The last of the light is not the last of the light by David Calcutt, Fair Acre Press: £9.99
David Calcutt’s first full collection from small, independent press Fair Acre, is pre-occupied with rites of passage, and above all, death, and the transformative power it thrusts upon us. The book opens with a quote from Ovid, ‘Everything changes, nothing dies.’
With an elemental stylistic simplicity of few punctuation-marks and little capitalisation, Calcutt’s work suggests a fabular world beneath everyday surfaces, of mythopoeic themes of nature, change and underworlds; of rites, quests, spells, dreams and incantations. Frequently, one of these facets are expressed in terms of another, as buzzards become, ‘lakota ghost-/dancers in their fringed shirts.’ Egyptian mythology, Troy, Eden, Nirvana, become fabulously interwoven in fluid, transmogrifying, ‘half-waking dreams of water’ as the poet follows his own, ‘dreamland’s crooked backbone.’ There is a reach for transcendence, to get back or crossover, or join with, the lost one, that lies behind much of the poet’s dreamscapes here.
This will to transcendence seems at once to both reside in, and be obscured or ‘cloaked’ by, the natural world. A sequence of six poems, collectively named ‘Tattercoats’, refer to ‘coats’ – of cobwebs, rags, roots, water and stars – and most strikingly for me, ‘nettles’, where the skin, burning from nettle-stings ‘became another animal/it went prowling through the streets/of pain, wherever it trod/there was dereliction./I danced the dance of a man/ in flames.’ In another of the several sequences in this collection, ‘Aten’ (which refers to the Egyptian ‘Book of the Dead’, where ‘aten’ is the disc of the sun), this balance between the mythic and actual worlds, the grand and eternal and the quotidian and specific, is held with beautiful poise, where:
‘you hang the hook of your gaze
between the horizons,
hold the world stilled,
the motorway embankment,
the leathery trees,
the clockwork heartbeat of the mouse’
Calcutt’s career in radio and theatre drama is evidenced not only in his highly visual writing, but also in his attention to sounds, often playful as well as evocative, as in the poem, ‘Hob Jack.’ A rat in the water, ‘Hair-twitch-nose-tip/an inch above the surface’… ‘blowflies hum/and midges strum/the new dawn’s daystrings.’ Elsewhere, ‘A moorchick clacks among the reeds’, gathering the ‘scattered petals of morning.’ Hob Jack, the rat creature, finds, ‘his joy’s in the frenzy and flood of the kill/and the calm that comes after./Snick snack/the mirror cracks,/a tumble and flurry and someone goes down/to be lost forever.’ There is almost joy in the onomatopoeic language, describing death in the water.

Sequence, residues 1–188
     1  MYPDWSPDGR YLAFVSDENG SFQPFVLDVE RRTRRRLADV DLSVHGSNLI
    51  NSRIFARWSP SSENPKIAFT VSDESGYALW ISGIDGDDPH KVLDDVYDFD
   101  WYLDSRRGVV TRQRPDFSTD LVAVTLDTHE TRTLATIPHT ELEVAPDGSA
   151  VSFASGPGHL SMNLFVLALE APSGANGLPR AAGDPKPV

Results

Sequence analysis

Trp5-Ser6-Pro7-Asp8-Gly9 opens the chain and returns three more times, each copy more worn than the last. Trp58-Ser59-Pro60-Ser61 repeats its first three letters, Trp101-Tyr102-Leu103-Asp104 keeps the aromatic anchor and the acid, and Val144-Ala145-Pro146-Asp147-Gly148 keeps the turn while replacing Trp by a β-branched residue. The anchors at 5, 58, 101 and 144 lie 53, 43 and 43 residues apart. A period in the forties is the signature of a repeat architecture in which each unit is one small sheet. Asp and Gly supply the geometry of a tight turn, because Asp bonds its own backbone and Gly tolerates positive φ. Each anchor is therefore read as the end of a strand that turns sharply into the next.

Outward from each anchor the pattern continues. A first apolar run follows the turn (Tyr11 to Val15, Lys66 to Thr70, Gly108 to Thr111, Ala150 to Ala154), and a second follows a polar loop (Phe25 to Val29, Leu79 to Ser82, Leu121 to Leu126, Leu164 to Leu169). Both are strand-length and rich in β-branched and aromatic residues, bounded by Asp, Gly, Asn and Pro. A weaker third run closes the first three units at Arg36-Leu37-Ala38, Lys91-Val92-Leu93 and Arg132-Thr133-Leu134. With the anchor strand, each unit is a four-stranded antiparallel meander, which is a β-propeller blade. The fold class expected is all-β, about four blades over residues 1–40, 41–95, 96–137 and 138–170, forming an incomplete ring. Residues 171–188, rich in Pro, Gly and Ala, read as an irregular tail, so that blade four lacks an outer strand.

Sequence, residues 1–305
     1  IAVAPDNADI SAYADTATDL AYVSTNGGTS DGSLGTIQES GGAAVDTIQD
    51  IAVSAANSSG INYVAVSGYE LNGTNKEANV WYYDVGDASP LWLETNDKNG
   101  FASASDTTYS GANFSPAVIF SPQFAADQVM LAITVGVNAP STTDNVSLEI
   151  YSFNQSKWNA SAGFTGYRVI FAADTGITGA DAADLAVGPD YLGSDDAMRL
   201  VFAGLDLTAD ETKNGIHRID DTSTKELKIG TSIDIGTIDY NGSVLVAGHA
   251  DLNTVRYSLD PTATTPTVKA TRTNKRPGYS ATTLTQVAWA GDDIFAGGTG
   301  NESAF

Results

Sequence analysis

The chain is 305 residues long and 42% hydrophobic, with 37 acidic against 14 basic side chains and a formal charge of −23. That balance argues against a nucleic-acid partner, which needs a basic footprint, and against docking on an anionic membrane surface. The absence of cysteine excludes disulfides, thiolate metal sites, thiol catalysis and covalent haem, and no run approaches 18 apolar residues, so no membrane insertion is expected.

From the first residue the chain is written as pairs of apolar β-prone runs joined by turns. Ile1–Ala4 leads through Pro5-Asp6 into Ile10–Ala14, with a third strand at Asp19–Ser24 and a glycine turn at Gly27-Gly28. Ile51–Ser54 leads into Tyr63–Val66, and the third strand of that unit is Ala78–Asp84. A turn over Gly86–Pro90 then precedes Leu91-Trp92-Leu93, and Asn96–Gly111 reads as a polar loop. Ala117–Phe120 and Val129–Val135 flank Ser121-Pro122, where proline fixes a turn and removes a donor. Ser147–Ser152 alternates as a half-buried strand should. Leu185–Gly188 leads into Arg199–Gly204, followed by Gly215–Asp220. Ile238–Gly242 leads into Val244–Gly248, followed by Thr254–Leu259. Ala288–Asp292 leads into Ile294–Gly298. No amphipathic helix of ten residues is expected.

These quotes highlight the strengths of the poems in this book, where the focus is on nature, precisely observed. However, the insistence on death’s presence – even closeness to life – can be overwhelmed on occasion, when the reach for transcendence or ‘meaning’ is stretched into the vague generalities of, ‘I went beyond the edge/of the great emptiness/when I came back/I was someone else,’ or when ‘night opened/its book of wonders,’ or the poet becomes a mouth, ‘in a jungle of beginnings’ or a ‘saint of nowhere.’ To conclude, as in Aten (II), a raptor’s ‘quivering of wingtips/poised at the zenith/on the blade’s tip/before the long slide down,’ with a last-line of ‘the nirvana of drop’ is brave, and whether it wholly works or not may depend on how much you accept, as a reader, the poet’s sense of dual worlds, co-existing, the mundane and the sublime. An end-line that overreaches like this may capsize the rest of the poem if you’re uncomfortable with these flourishes. This occurs again in ‘A pale sun rising’, where the fields, whose ‘edges burn/with a sullen fire/a last flame, the light/of the world.’ The heavy theological influence of this end-line, as if not enough already, is underscored again with a line-space between ‘light’ and ‘of the world’, making it thump with significance.
When the focus is on nature observed, or listened to, there is most success. Without the underlining, nature is animated, as in the poem ‘Dig’, part VIII, when ‘that skylark above the field/is unpicking each stitch of the light/with its voice.’ Or again, in the first section of the same poem, where ‘the broken/bones of words/listening for voices/to come clear of the dirt/speaks a new language/chopped syllables of light.’ There is sombre beauty and meaning here, but it is not given orchestral strings and an extended drum-solo to ensure we listen.
by Ken Evans